Answered By: Linda Neyer Last Updated: Feb 28, 2020 Views: 27
Nursing students should c use PubMed, the 'free' database of the National Library of Medicine, to find nursing research studies. Use the link on our Databases' pages, which has our PubMed identifier: http://www.ncbi.nlm.nih.gov/entrez/query.fcgi?otool=pabloomulib. This gives access to our subscriptions when you click on the Full Text icon. Look at the PubMed Tutorial for Nurses for help in searching.
The library also subscribes to CINHAL which is an excellent database for nursing research. CINHAL will allow you to limit your search to Nursing Journals as we all as limit to articles with nurses as the author.
You can find both of these databases and more on the Nursing research guide.
Follow good rules of searching, for example, if your topic is the effectiveness of yoga on arthritis, type your search as 'yoga arthritis' or 'yoga and arthritis' (same results). Click on the article title to view the abstract (description) and read the methods described before you click on Full Text to view the complete article.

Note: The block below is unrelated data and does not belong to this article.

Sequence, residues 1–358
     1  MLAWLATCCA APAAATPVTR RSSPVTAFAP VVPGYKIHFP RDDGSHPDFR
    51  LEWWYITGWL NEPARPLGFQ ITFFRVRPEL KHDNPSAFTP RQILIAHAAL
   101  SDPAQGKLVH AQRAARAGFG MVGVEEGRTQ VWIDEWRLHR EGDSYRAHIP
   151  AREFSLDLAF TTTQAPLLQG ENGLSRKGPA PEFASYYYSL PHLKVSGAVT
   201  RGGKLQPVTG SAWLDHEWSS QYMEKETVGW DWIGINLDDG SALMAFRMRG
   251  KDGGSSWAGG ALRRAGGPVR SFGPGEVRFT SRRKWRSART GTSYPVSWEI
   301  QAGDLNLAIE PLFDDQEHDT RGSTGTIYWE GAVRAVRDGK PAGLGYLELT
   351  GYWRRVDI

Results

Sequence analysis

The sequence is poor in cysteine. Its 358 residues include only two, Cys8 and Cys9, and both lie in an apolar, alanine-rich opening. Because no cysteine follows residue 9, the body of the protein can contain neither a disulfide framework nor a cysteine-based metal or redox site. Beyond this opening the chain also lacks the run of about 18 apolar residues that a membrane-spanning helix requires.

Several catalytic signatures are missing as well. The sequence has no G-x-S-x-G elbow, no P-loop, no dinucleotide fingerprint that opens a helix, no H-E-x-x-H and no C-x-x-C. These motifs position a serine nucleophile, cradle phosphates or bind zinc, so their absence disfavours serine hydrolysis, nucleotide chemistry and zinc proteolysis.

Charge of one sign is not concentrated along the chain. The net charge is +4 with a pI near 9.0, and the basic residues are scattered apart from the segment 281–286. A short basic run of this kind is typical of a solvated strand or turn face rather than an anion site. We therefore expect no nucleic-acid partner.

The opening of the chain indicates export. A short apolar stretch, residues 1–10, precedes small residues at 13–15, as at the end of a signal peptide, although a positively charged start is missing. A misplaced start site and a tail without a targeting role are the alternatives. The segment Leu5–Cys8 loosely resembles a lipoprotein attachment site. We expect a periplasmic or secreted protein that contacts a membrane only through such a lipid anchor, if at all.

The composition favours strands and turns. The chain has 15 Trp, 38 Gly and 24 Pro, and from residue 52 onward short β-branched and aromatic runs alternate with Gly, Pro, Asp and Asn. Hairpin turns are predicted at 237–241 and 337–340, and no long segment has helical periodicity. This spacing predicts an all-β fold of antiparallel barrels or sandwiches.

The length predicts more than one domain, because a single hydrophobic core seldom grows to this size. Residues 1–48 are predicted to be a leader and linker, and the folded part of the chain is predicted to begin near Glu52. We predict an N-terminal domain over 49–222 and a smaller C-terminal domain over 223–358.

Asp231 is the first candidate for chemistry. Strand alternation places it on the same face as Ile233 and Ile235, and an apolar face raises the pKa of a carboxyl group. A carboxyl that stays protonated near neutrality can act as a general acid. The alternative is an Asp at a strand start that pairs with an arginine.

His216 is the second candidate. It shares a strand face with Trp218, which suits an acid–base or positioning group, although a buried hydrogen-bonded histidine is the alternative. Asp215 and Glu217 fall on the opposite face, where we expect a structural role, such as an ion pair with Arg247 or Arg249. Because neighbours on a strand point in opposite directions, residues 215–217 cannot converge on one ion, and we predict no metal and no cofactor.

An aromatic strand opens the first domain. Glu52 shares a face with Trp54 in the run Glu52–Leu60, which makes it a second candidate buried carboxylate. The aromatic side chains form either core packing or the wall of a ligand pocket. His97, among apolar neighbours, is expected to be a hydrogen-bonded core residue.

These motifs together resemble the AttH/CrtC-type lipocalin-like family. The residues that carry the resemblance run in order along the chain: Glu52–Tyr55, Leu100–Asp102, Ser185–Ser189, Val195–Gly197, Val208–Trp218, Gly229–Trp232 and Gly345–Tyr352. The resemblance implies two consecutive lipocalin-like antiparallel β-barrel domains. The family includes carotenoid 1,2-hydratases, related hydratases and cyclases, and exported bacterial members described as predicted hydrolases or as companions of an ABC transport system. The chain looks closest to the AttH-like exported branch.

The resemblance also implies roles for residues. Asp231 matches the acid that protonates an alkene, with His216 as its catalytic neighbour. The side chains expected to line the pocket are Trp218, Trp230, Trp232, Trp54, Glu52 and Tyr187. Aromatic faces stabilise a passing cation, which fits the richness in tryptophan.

When you're looking for primary sources, you are looking for a description of a method (treatment or intervention) done to or with a group of people. For example, the article "Efficacy of a biomechanically-based yoga exercise program in knee osteoarthritis: A randomized controlled trial" tells you in the title that it is a 'randomized controlled trial' (research study) and the 'Participants' and 'Interventions' sections describe what was done to whom; this is an example of primary research.
Compare that to this article, "Integrative effect of yoga practice in patients with knee arthritis: A PRISMA-compliant meta-analysis." The title says it's a 'meta-analysis.' As you can infer from the following, this is a study of studies -- a type of secondary research:
METHODS: A computerized search of PubMed and Embase was performed to identify relevant studies. The outcome measures were pain, stiffness, and physical function. Two investigators identified eligible studies and extracted data independently. The quality of citations was measured using Jadad score. Standardized mean differences (SMDs) with 95% confidence intervals (CIs) were calculated for pain, musculoskeletal impairment, quality of life, general wellbeing, and mental wellbeing.
RESULTS: A total of 13 clinical trials involving 1557 patients with knee osteoarthritis and rheumatoid arthritis were included in final meta-analysis...
This type of study is actually a higher level of evidence since it pools the evidence from multiple studies, but it is not allowable for an assignment based on primary research.